By Bill Hudson

PLYMOUTH, Minn. (WCCO) — When Bantam hockey players step onto the rink at Plymouth Ice Center for a weekend regional tournament, the surface they’ll skate on is very real. The ice is silky smooth as slippery to boot.

But the way that ice is kept frozen is very much artificial. It requires a lot of chemical refrigerants compressed and pumped through miles of buried piping to create one single sheet of ice.

It’s in the compressor room at the Plymouth Ice Center where the R-22 refrigerant makes its magic.

Contrary to what you would think, the compressed liquid is actually stripping off heat from a separate loop of glycol that is circulating underneath the ice. The more heat that is stripped away, the colder the surface gets.

But by the year 2020, the R-22 refrigerant will no longer be manufactured and imported into the country. The chemical was banned by the Montreal protocol after scientists found that it was escaping into the atmosphere and contributing to the hole in the earth’s protective ozone layer.

What R-22 refrigerant that is still in inventories will still be available for use and purchase, though prices will soar. In the 1970’s the liquid sold for around 50 cents per pound; it is currently priced at $15.50 per pound. That doesn’t seem too bad until you consider a rink can require anywhere from 6,000 to 10,000 pounds of the refrigerant to operate.

That’s why the Plymouth Ice Center, like many of the state’s ice arenas, is looking to switch over to an alternative and safer refrigerant. In Plymouth’s case, they are considering conversion to an ammonia based compressor system.

“The switchover itself, because this refrigerator controls two ice sheets, will be $1.6 million for us,” arena manager Bill Abel said.

That’s a lot of money to convert from R-22 to the best alternative, but one that all arenas will eventually face — more than 150 of them in Minnesota alone.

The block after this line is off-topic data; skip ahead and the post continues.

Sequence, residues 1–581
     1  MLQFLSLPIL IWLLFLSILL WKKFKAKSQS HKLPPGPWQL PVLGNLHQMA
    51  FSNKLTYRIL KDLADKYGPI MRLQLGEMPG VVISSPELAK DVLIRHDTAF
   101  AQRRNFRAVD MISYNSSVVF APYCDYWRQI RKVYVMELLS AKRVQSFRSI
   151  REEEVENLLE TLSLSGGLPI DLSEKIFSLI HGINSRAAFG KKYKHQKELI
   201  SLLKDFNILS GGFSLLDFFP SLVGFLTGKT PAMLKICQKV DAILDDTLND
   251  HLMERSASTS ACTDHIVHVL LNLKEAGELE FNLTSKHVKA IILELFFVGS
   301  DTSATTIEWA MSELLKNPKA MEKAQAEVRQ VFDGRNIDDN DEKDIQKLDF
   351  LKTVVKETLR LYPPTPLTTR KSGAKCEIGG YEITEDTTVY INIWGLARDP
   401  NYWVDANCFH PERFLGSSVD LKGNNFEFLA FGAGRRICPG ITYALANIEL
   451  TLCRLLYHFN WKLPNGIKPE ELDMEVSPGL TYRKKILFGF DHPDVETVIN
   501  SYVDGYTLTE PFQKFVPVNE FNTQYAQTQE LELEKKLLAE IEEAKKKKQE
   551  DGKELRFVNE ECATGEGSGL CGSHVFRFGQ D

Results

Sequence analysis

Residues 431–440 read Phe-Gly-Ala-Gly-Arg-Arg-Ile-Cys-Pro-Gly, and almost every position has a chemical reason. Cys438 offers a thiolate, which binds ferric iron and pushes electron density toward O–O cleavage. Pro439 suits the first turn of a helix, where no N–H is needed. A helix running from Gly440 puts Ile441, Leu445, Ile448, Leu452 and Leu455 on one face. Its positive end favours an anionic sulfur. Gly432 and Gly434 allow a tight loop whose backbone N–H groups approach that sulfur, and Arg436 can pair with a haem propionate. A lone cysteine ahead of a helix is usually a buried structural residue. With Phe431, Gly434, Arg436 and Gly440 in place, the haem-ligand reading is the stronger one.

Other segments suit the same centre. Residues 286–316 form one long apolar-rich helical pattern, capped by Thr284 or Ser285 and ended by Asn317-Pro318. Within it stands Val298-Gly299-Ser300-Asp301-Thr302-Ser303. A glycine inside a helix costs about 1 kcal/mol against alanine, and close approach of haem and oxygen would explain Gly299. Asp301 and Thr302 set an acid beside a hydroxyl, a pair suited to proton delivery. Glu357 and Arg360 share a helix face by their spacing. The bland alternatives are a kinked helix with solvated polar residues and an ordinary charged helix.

Craig Flor runs the University of Minnesota’s Mariucci Arena and is president of the Minnesota Ice Arena Manager’s Association. Flor says the switch has been a hot topic of discussion, especially among those concerned about what they will do if their refrigerant systems develop leaks and they can no longer get the R-22.

“The biggest concern is if you have a catastrophic fail or leak,” Flor said.

That’s when the only solution will be converting to the more expensive alternatives, like carbon dioxide or ammonia. But those conversions will also require expensive new equipment that is compatible for running the new refrigerants. Some arenas will also have to dig up the rink floor and replace all of the piping.

“There’s a few in the state that have already converted and got rid of systems that have a lot of that product. Others are looking into it and trying to stockpile money,” Flor said.

For now the games will go on, provided R-22 doesn’t leak from their systems.

In March, the association will be meeting with state lawmakers in hopes of acquiring state bonding help to assist public ice arenas where the repairs could push them over the edge.

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